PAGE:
National Security Expert Explains Why Trump's Actions Mean 'Putin is Getting Everything He Wants Without Having to Lift a Finger'

National security expert Tom Nichols said that Moscow benefits from President Donald Trump's foreign policy moves without "having to lift a finger" in an interview on MSNBC's Morning Joe Wednesday.

His comments were prompted by a front-page story in The New York Times that illustrated how the president used to "relish throwing" world leaders into confusion "for how best to deal with him," and how the roles are now reversing as U.S. influence subsides in the North Atlantic Treaty Organization.

"The amazing part of that is that Putin is getting everything he wants without having to lift a finger. I don't think the president is somehow doing this on instructions; I think he has a kind of natural oppositional defiant disorder in the presence of adults," Nichols told host Joe Scarborough, referring to Russian President Vladimir Putin.

At NATO's summit meeting in London this week, the French president Emmanuel Macron berated Trump on the importance of trade and fighting the Islamic State, according to the Times, and has a "vision" for the future of Europe that depends less on Americans.

At the meeting, Trump also stayed quiet when it came to British politics, heeding Prime Minister Boris Johnson's warning to butt out of their upcoming election. The meeting, marking NATO's 70th anniversary, was held in London to avoid disruption from Trump in Washington, the Times reported.

These shifting sands play right into Putin's hands, according to Nichols, a professor at the U.S. Naval War College, because the lack of U.S. influence requires European countries to "make their own deals" with Russia.

"These are people who run countries," Nichols said during the interview, referring to NATO members. "And the president is always out of his depth in those environments," adding that NATO is now nearly "reforming itself" to deal with the lack of American influence.

Trump's "Gut Instincts" Serve Putin, Nichols Says
Russian President Vladimir Putin attends a meeting with his Serbian counterpart in Sochi on December 4, 2019. Shamil Zhumatov/AFP/Getty Images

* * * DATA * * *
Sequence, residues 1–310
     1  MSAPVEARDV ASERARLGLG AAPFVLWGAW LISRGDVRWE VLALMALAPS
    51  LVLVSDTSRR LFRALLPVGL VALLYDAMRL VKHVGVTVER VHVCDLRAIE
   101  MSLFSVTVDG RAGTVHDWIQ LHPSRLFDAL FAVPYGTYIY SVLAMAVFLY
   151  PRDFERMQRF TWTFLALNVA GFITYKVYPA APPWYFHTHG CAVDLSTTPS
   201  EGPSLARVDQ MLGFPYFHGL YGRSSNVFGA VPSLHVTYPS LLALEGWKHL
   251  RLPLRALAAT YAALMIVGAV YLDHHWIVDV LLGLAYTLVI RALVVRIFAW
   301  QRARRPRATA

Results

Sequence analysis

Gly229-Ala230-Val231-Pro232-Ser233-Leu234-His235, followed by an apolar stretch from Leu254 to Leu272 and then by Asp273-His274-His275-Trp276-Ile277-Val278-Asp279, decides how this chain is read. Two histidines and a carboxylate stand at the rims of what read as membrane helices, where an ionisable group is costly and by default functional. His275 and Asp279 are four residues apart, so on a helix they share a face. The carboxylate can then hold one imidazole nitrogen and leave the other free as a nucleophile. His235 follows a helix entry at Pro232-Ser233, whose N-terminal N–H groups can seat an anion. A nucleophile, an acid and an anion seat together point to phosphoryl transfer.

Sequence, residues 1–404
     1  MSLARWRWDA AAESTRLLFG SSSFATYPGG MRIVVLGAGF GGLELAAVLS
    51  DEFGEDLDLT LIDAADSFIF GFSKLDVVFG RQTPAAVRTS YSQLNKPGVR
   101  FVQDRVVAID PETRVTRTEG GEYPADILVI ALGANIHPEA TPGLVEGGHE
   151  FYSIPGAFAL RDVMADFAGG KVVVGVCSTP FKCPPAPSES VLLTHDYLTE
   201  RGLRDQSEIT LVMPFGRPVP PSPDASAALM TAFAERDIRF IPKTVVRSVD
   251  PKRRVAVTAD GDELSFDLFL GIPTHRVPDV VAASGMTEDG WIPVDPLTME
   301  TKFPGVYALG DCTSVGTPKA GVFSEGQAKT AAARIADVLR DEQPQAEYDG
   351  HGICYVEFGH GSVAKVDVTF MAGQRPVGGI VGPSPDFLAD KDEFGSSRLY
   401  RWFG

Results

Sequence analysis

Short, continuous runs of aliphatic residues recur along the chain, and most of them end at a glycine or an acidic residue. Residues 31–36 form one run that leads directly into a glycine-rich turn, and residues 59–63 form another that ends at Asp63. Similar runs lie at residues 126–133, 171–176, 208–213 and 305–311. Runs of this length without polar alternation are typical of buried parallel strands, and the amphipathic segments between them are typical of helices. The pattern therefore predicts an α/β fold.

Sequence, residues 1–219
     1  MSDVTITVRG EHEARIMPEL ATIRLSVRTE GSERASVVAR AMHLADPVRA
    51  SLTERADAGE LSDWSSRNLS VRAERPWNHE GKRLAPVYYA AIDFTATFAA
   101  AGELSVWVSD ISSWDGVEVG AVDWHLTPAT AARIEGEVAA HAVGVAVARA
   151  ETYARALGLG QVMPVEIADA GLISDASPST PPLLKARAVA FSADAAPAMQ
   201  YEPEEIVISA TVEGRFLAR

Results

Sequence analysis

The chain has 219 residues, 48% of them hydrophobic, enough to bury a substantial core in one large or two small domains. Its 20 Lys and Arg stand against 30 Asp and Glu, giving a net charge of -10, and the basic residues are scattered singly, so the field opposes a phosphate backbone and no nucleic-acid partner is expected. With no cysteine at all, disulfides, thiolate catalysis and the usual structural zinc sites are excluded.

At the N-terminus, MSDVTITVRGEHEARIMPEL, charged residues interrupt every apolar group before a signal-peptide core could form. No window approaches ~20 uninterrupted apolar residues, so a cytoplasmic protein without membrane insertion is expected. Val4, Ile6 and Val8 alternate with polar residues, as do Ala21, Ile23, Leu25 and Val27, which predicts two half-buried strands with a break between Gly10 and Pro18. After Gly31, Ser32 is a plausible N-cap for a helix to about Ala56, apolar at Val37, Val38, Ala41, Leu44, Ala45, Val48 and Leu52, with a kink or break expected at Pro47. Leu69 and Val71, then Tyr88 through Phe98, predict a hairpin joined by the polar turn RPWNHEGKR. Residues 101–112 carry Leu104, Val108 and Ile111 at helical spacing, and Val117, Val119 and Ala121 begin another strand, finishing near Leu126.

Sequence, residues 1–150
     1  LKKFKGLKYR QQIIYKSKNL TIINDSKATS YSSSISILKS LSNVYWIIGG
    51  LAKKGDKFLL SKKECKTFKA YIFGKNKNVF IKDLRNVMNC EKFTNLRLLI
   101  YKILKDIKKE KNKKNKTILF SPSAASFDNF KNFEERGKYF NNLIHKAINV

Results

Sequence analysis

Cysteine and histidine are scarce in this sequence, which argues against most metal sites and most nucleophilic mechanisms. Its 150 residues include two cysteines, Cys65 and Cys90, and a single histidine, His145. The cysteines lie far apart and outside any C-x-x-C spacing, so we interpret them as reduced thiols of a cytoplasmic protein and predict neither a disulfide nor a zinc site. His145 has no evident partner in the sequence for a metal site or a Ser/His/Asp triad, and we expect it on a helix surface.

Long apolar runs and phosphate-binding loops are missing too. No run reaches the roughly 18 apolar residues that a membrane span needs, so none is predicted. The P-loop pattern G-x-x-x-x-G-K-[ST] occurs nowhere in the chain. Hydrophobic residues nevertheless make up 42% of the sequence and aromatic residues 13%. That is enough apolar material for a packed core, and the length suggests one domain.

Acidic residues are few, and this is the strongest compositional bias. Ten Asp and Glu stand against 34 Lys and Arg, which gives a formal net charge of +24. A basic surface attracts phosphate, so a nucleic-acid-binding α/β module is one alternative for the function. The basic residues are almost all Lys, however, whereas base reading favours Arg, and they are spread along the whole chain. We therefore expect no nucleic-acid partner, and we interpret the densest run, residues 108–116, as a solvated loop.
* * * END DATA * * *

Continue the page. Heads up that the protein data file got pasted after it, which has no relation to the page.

Russia and NATO relations have soured over the country's 2014 annexation of Crimea and suspected support for rebels in eastern Ukraine. Since then, each group has expanded its military presence along shared borders, according to NATO.

Meanwhile, Trump's efforts to engage diplomatically with Moscow, in combination with his repeated demands that member countries pay more for their own defense, has prompted concerns among an alliance historically led by the United States.

Macron, who the Times reported is "staking his claim" to European leadership, including NATO, is more sympathetic to Moscow than many Western presidents.

Whether it's recent NATO developments or other foreign policy affairs, like allowing Russia more control in the Middle East, Trump's "gut instincts" always seem to benefit Putin, Scarborough said. "Is that a mistake?" he asked.

Nicols replied that it's a mistake that's not exclusive to Moscow, but rather extends to authoritarian figures in general. Trump has voiced concerns over whether China's President Xi Jinping and North Korea's Supreme Leader Kim Jong-un still like him; while the Syria withdrawal can be interpreted as placating Turkey's President Recep Erdogan, Nichols said.

"The president's instinct is never to side with the messy democracies and their leaders who actually have to, again, engage in the serious business of governing."

NATO was established largely to counteract the Soviet Union in 1949. Although Russia is not a member country, they established open lines of communication in 1997, and NATO added a council in 2002 to handle Russian security issues and joint projects.